The following statement is from an Australian Private who was wounded in the shoulder by shrapnel in 1916. His treatment over the next two years varied, being particularly bad at Douai, but the food was uniformly poor and inadequate. He was eventually repatriated through Switzerland but even there he complained that the food was inadequate due to the dishonesty of those responsible for its provision.
On the 18th January, 1916, at noon, we were marched from the village of Fleurbaix, where we were billeted, an took up a position a little distance behind our own front lines, but were taken back. We came out again on the morning of 19th July, and advanced to the attack at 3 pm. . . We passed Fritz's first and second lines, and came to an old trench which was about 1,000 yards from where we started. Next, morning, the 20th, the enemy counter-attacked. We held the position for three or four hours but the Germans, being numerically stronger than us, we were forced to retire, as we could not hold the trench.
Sergeant M-- was lying on the bottom of the trench seriously wounded, and before retiring Lieutenant H-- called for volunteers to carry him out. Another man and I carried him along the trench for about 100 yards, when I was hit by a lump of shrapnel on the shoulder (left). I was completely disabled. I laid there for about an hour when I was picked up by a German officer and carried by him into a dug-out in the German lines, and handed over to the German A.M.C. men. The last I saw of Sergeant 'M' he was crawling along the trench on his hands and knees and being assisted by other men. I was left with other of our wounded men in the dug-out for three hours without any attention at all, and I felt half dead. Then I was made to march from there with a party of stretcher-bearers who were carrying a wounded German to a dressing station about 2 miles away. I do not know how I got there. I used to walk a few yards and fall down exhausted, pick myself up and stagger on again the stretcher-bearers, waiting for me as I got too far behind. I arrived there more dead than alive, and my wound was dressed by a German doctor who did. not waste any sympathy on me because I was an Australian. He wanted to.know why we Australians had come over to fight against Germany. I told him we were there to assist the nation to which we belonged.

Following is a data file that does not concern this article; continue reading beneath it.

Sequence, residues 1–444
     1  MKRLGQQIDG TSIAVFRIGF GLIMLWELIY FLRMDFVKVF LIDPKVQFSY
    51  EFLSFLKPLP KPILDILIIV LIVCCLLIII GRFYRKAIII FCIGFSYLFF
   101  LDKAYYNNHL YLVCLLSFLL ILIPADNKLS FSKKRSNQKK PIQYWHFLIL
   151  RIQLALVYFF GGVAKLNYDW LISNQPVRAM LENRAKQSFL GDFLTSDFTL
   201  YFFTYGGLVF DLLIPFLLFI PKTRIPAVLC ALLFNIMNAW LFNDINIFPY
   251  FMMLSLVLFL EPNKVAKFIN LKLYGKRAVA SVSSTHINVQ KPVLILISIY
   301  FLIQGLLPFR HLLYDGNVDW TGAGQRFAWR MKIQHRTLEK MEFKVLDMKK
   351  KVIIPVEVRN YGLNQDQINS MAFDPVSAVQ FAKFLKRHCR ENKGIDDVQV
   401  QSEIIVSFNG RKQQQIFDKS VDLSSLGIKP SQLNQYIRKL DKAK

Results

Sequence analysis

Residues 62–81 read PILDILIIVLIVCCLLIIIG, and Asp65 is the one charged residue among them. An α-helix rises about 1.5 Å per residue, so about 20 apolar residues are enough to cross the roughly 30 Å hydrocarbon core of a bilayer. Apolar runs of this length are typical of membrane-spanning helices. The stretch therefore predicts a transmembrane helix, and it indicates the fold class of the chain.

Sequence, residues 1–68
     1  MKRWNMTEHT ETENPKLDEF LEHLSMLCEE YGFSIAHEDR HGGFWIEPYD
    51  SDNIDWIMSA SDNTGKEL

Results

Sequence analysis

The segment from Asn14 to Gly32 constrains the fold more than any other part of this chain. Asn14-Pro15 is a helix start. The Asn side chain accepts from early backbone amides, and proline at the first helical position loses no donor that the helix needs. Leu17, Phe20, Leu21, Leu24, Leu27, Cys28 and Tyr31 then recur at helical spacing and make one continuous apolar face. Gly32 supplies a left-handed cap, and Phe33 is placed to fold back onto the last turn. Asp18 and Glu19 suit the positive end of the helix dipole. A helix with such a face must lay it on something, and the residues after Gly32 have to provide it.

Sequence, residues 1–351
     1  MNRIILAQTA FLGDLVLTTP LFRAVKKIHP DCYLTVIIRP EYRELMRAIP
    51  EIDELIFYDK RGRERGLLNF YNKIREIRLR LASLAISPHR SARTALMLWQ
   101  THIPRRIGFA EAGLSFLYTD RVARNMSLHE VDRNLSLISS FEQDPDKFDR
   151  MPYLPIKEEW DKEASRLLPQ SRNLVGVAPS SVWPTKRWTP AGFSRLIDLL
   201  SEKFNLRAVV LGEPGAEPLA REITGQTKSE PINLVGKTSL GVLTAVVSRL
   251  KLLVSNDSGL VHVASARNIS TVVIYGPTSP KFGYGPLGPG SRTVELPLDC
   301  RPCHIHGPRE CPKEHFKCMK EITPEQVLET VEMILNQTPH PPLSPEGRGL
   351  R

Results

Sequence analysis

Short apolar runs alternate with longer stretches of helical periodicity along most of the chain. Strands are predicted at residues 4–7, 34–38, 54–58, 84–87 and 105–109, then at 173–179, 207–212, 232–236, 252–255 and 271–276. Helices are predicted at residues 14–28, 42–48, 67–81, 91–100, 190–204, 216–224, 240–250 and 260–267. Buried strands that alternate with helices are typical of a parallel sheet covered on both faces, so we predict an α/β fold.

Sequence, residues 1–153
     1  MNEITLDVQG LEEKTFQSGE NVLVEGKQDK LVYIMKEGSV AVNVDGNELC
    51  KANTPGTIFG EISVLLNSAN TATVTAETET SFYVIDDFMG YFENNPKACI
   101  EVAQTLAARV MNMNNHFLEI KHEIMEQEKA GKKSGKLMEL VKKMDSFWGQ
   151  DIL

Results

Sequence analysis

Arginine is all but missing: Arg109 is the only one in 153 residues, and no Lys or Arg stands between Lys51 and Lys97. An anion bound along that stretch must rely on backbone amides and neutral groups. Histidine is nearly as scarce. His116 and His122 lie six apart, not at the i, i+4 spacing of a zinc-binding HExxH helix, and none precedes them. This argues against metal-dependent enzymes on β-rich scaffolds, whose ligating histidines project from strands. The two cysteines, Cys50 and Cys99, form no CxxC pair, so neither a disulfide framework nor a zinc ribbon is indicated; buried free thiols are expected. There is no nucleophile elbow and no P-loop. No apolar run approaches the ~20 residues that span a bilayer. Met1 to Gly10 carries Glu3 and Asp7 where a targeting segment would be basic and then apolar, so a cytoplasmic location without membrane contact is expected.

I remained there that night and slept on an old bed of blankets. Next morning I was taken to Wavrin by ambulance waggon and placed in hospital. It was a hospital for German wounded and, besides myself, there were three Australians and one Englishman there. We were treated exactly the same as the German wounded, and the food we got was wholesome, but not too plentiful. The hospital staff consisted of German doctors, a German matron, and A.M.C. orderlies. Our wounds were dressed regularly, and, on the whole, the treatment meted out to us was fair, very fair. I remained here for one month, and was then moved to Douai.
At Douai the conditions were absolutely rotten -- bad food and no medical attention,
our wounds often remaining for over a week without being touched. I was here for ten days, and only had my wound
dressed once. The doctor, was a " butcher," and gave me a very rough handling ....
From Douai. I was transferred to Bochum (Westphalia), in Germany, and placed in hospital there. It was a sort of general hospital, run by Sisters of Mercy. I remained here for five weeks. The food was insufficient and consisted of soups and sloppy foods without any nourishment in them. The medical attention was bad, and the prisoners of war were strictly confined to hospital. My wound was making very slow recovery under the treatment. The Sisters of Mercy were the nursing staff, and superintended the work in the wards. Our wounds. were dressed by a Russian Pole, who, I think was a prisoner of war on parole.